Binghamton colleagues join management faculty at Great Valley

Joey Tsai and Min Cheong

New faculty members Joey Tsai, left, and Min Cheong joined Penn State Great Valley's management division this fall. They both attended State University of New York, Binghamton, where they received their doctorates with a concentration in organizational behavior and leadership.

Credit: Elizabeth Palmer

MALVERN, Pa. — Assistant professors of management and organization Min Cheong and Joey Tsai joined Penn State Great Valley’s faculty this year. Like faculty member John J. Sosik, they attended the State University of New York, Binghamton for their doctoral programs — and even shared the same office. Cheong and Tsai will teach leadership courses as part of the campus’ MBA and Master of Leadership Development programs.

Cheong and Tsai were drawn to Binghamton’s prestigious Center for Leadership Studies, which takes a scholarly approach to examining leadership that emphasizes academic research based on various sets of leadership theory and rigorous methodology.

Originally from South Korea, Cheong received his bachelor’s degree in business administration from Kyung Hee University. During his junior year, Cheong worked as a research assistant to a professor who opened his eyes to academia and recommended that he attend graduate school. He earned his master of science in business administration with a concentration in organizational behavior from Seoul National University. While working toward his doctorate in management with a concentration from organizational behavior and leadership at Binghamton, Cheong received the Graduate Student Award for Excellence in Research.

Cheong’s research focuses on empowering leadership, and the concept of paradox and balance of leadership across different levels-of-analysis. He has published his works in management and psychology journals such as The Leadership Quarterly and Group & Organization Management, and also presented at national and international academic conferences, including the Academy of Management, Society for Industrial & Organizational Psychology, and Southern Management Association.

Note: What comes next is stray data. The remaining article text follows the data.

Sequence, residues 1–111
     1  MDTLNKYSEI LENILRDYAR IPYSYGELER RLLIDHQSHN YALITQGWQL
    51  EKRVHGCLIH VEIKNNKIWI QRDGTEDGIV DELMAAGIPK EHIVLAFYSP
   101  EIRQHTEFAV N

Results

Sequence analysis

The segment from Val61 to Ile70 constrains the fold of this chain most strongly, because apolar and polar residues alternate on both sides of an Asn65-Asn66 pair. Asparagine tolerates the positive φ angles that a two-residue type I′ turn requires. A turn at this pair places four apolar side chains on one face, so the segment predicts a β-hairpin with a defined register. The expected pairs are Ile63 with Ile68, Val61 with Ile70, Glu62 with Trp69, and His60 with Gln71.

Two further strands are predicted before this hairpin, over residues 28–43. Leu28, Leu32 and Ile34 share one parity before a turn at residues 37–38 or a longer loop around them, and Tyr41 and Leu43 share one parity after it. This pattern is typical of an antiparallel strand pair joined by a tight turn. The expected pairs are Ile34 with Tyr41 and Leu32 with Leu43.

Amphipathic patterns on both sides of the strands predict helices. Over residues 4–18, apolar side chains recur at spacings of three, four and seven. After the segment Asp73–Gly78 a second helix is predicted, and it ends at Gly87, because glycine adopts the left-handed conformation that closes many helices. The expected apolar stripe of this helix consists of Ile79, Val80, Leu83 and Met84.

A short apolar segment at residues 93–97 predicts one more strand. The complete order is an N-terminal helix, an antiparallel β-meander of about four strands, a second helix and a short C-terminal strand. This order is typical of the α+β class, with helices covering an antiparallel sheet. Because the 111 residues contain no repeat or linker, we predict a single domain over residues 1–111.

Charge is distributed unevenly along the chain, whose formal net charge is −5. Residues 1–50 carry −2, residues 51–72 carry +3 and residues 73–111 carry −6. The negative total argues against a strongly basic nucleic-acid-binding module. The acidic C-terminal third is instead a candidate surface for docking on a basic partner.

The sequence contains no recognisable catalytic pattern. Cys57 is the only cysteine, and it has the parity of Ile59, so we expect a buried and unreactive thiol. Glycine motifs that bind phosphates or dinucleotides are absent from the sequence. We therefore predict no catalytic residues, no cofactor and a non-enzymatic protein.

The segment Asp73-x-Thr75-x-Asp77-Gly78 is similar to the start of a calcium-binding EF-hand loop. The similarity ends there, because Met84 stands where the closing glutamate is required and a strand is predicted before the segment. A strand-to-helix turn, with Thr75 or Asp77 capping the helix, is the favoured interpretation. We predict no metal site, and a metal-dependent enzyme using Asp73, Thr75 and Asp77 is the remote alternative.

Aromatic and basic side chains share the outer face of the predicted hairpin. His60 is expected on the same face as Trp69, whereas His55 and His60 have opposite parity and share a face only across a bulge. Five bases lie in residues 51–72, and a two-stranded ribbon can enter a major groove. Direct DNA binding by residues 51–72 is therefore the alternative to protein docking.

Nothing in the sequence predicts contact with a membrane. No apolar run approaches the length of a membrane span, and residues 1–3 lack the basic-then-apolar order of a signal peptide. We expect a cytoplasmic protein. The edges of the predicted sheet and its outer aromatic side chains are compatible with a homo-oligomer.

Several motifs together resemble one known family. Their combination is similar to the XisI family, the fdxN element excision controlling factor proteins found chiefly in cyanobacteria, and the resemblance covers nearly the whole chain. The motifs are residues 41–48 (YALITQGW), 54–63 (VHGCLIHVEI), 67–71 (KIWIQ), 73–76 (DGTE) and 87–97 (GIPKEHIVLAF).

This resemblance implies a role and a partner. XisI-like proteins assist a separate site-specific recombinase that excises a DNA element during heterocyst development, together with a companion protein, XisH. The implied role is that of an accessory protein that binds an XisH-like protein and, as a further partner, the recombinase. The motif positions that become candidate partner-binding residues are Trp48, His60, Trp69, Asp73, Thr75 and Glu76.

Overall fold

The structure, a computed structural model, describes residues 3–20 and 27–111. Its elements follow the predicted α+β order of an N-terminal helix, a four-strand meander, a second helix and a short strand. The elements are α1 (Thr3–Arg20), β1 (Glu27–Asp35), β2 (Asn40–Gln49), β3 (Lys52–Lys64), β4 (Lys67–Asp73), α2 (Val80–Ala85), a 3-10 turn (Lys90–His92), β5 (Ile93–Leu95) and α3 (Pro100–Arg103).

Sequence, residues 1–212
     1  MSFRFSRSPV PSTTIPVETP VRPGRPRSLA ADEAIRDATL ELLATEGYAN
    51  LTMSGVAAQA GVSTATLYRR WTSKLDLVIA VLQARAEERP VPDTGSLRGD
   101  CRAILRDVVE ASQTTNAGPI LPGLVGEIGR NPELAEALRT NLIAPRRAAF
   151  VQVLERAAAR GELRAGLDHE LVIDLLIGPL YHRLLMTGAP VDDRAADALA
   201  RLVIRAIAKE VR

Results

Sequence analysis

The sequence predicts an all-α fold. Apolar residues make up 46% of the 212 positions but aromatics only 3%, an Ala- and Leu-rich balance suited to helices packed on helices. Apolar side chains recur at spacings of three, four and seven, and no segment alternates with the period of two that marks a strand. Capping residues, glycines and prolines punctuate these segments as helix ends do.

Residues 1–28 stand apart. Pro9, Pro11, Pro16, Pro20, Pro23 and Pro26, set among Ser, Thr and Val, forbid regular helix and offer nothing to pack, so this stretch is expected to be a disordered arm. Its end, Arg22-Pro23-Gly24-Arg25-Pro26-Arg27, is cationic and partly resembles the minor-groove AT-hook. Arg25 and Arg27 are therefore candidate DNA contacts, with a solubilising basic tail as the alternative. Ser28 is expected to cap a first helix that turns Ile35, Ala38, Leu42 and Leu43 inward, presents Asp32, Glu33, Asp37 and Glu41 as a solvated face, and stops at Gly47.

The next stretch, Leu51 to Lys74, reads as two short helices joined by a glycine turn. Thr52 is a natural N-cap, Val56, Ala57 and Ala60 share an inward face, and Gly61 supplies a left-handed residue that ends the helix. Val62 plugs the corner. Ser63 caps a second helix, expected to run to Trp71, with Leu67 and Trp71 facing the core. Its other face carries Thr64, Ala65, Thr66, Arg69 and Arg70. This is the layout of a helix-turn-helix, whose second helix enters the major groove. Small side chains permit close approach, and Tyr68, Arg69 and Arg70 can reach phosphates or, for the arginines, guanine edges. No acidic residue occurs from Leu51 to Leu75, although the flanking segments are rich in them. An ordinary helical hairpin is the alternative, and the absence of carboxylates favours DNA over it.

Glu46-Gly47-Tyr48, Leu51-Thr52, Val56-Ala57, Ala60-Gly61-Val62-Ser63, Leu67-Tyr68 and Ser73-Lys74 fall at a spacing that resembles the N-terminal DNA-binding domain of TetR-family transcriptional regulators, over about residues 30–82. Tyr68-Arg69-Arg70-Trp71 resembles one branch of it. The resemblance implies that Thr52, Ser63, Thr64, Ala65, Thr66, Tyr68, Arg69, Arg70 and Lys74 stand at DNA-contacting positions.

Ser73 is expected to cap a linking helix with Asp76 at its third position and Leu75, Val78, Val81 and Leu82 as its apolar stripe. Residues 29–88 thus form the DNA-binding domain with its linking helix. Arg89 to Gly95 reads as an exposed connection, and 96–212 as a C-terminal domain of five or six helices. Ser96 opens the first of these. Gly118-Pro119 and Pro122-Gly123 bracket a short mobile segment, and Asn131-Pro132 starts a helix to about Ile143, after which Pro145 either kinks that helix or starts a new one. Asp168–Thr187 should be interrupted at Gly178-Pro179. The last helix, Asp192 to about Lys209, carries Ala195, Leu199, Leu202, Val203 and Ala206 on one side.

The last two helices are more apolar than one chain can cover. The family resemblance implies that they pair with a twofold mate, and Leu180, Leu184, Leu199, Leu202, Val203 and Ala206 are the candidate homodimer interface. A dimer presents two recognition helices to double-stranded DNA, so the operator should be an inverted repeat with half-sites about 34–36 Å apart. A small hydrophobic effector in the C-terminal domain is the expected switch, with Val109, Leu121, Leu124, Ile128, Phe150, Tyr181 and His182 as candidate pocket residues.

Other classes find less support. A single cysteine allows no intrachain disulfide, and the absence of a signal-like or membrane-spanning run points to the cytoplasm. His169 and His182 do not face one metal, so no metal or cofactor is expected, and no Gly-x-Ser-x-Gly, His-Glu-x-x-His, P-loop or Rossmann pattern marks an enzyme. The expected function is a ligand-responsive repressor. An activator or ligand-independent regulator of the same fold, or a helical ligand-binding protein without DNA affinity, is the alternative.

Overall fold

“I’m eager to work with professionals of varying levels and experience,” said Cheong. “I hope to learn not only from my fellow faculty members, but also from my students. I aim to make my classes exciting and more than just a lecture, so I look forward to hearing their perspectives.”

Tsai has a bachelor’s degree and a master’s degree in psychology from National Taiwan University. Before starting at Binghamton, he worked for a consulting firm in Asia for three years. Fascinated by how a leader can contribute to an organization’s overall success or failure, he decided to return to the classroom to pursue a doctorate with a concentration in organizational behavior and leadership. Prior to coming to Great Valley, Tsai was an assistant professor at California State University, Los Angeles.

Tsai is passionate about behavior patterns and how leaders evolve over time. One of his recent publications examines how athletes view their coaches as they change throughout the sport’s season. Tsai’s work has been published by The Leadership Quarterly, Journal of Cross-Cultural Psychology, and Management and Organizational Review.

Like Cheong, Tsai is enthusiastic about working with students and collaborating with colleagues.

“Great Valley has a unique culture that caters to professionals,” said Tsai. “I am excited to join this friendly community. I hope to draw inspiration from my students as I learn about their motivations and goals.”

This fall Tsai will teach Leadership Across the Life Span, while Cheong will instruct Full-Range Leadership Development in-person at Great Valley and online for the Master of Professional Studies in the Psychology of Leadership program offered through World Campus.